Reporting live from end-of-year fundraising, it’s Samantha Shain! Over at EQAT headquarters (just kidding, we don’t even have an office), we’ve been hard at work writing our annual appeal, mail merging, stuffing envelopes, preparing phonebank scripts, preparing phonebank call sheets, recruiting phonebank volunteers, following up with major donors who plan to make a gift this year, and planning out fundraising strategies for 2019 and even 2020. That may sound pretty similar to what YOUR main-squeeze justice organization is up to, unless you’re trying out other brilliant tactics like peer-to-peer fundraising, digital appeals, galas, or more! I applaud all of it! Our movements need resources to succeed, and while fundraising isn’t glamorous, it’s definitely necessary. And it DEFINITELY requires some data strategies.
What better way to look at fundraising data than Giving Tuesday, allegedly the single biggest day of donations of the year? The numbers are still coming in, but I wanted to do a bit of a #GivingTuesday roundup, and see what’s out there for us to learn. First, let’s look at the numbers for 2018!
On Giving Tuesday alone, there were $380 million donated online in the United States, totaling 3.6 million individual gifts with an average gift size of $105.55.Giving Tuesday Surpasses Billion Dollars in Online Donations Since its Inception, In Most Generous Year Yet (read more)
This is around a 25% increase over last year (some numbers are still being crunched…), waaay surpassing projections from technology firm Whole Whale. Amazing!
Now, let’s look at the mechanics of Giving Tuesday. I loved this analysis from Classy, a company (and Salesforce app) that processes peer-to-peer fundraisers. They put together a blog post to analyze if Giving Tuesday cannibalizes end of year donations. Their answer? Definitively not. Backed up by #data.
Giving Tuesday donors are 60 percent more likely to give multiple times on that one day compared to donors who give on a typical day or during disaster relief, and 150 percent more likely to give multiple times in one day than on other days during end-of-year fundraising.
Our Giving Tuesday data show that this day is an absolute bonanza of new prospects. It brings in twice as many new donors as December 31, three times more than a typical day during disaster relief, and over 13 times more than a typical day.
New donors who give multiple times? Sounds goooooood to me!
Ok, back to the “bird’s eye view.” Giving Tuesday researchers and wonks say that there’s a real lack of substantive data on what researchers call “the social sector,” so they put together the #GivingTuesdayDataCollaborative to answer….
Learn more here and here!
What happens to the data collected by hundreds of #GivingTuesday giving platforms, payment processors, social media companies, and nonprofits around the world? How can these diverse data sources come together to yield a rich, detailed picture of giving trends? Can this type of global, cross-sector data sharing be done safely and securely?
According to their research, data collaboration is common in the private sector, where shared insights can help everyone achieve their goals. But historically, payment processors (like Paypal and others) haven’t worked together to aggregate donation information and draw insights, so this approach is somewhat unprecedented! The Collaborative hosted a several hacks and came out with this fascinating report with 2017 data. I’m excited to see what they come up with this year!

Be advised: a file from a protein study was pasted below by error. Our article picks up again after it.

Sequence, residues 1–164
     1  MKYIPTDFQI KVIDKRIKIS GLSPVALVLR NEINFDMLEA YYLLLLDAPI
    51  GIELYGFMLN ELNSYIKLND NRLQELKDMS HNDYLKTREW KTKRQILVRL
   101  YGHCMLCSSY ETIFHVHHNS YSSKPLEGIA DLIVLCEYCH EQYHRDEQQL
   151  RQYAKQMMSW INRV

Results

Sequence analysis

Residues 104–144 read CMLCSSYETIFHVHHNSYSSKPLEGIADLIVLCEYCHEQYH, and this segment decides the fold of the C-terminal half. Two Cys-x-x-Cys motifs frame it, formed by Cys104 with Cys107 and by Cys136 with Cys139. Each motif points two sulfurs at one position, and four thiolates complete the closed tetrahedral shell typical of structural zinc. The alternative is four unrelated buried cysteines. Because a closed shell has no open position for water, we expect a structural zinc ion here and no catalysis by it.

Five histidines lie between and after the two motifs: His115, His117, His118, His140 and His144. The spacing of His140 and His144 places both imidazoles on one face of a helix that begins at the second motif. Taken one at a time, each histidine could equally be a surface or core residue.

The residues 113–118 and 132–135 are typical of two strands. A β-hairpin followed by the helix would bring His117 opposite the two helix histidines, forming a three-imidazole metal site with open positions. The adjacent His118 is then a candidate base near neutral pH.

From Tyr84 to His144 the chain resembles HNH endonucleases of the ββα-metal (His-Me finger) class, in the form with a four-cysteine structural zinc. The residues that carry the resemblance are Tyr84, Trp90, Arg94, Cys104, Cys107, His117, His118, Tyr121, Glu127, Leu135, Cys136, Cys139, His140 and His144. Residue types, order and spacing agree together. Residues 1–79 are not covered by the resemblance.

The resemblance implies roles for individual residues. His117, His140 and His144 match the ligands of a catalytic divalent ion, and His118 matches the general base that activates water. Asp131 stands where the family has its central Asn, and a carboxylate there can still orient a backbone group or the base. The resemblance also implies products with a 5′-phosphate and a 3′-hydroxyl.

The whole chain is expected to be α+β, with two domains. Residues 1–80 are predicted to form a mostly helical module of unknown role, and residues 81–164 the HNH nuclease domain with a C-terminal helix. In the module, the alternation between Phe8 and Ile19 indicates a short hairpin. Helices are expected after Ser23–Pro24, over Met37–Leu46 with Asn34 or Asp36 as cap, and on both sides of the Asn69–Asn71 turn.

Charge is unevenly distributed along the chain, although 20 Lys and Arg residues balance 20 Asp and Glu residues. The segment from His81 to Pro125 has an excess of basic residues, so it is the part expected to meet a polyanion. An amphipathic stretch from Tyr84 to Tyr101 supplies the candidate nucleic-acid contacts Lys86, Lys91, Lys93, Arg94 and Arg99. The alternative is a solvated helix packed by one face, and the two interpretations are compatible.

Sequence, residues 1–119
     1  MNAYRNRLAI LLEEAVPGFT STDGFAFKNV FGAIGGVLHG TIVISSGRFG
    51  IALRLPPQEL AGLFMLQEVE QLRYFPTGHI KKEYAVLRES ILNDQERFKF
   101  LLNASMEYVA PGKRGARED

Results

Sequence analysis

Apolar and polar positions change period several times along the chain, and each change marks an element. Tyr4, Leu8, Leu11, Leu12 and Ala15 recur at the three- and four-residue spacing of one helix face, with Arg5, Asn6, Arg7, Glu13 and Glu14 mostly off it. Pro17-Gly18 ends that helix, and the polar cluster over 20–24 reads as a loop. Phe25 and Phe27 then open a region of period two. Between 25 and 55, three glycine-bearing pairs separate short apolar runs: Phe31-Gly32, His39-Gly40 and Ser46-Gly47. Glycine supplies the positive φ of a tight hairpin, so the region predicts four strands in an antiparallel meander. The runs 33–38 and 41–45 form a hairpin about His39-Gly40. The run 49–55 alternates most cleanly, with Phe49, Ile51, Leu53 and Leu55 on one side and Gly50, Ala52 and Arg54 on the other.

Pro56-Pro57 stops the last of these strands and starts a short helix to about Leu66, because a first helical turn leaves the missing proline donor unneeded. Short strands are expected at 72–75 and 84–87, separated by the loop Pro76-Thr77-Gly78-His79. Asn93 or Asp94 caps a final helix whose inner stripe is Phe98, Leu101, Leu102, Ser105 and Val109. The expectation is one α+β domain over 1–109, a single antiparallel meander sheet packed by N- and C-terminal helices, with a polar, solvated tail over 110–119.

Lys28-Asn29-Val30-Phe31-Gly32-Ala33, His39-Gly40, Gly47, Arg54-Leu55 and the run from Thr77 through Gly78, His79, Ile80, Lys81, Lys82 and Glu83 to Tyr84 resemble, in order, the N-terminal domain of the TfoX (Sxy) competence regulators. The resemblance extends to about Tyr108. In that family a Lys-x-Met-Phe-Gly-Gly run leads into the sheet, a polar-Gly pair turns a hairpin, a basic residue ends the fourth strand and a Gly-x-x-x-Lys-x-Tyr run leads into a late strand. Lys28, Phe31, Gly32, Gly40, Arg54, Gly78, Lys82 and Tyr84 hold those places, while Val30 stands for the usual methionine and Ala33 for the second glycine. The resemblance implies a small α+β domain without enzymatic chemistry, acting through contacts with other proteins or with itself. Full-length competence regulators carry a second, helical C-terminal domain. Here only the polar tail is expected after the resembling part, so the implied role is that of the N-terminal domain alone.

I’m a huge nerd and I know I’m not the only one, but this type of bird’s eye view is most useful for me when I can make meaning in my own work. (remember our old friend, the DIKW pyramid, Data, Information, Knowledge, Wisdom?)
Recently, I did a big data dump of all of EQAT’s donation history so that I could look for trends over the past few years and make recommendations for 2019 and 2020 fundraising strategies. First, I cleaned and standardized the data, including re-coding some of the donation categories into fundraising tactics that made more sense to me. Then, I filtered the data and found average, median, and mode donation amounts for each year (with and without major donors included). Next, I summarized the data based on number of donors, number of donations, and number of donations per donor per year. I used Pivot Tables to make these calculations. Finally, I created some charts to compare donor types and help reveal our “standard” donor so that maybe we can recruit some more of them! All of this was before I took this deeper dive into Giving Tuesday stats.
Here’s what I learned about Giving Tuesday:
- Statistically, it won’t ruin your end of year donation drive
- Giving Tuesday is extremely effective at recruiting new donors (often through social media)
- Many donors give to multiple organizations on Giving Tuesday
- Giving Tuesday, December 31, and the days surrounding a natural disaster are the biggest spikes in donation data
- Part of Giving Tuesday’s success can be attributed to being a decentralized effortA rising tide lifts all boats!
If your campaign or organization did a Giving Tuesday fundraising drive, I’d love to hear how it went! Did your donations end up similar or different to the average gift amount of $105.55? Do you need help calculating the average? Don’t be afraid to reach out! And to all of you hustling to make your end of year budgets, thank you for your work and leadership from the bottom of my spreadsheet-lovin’ <3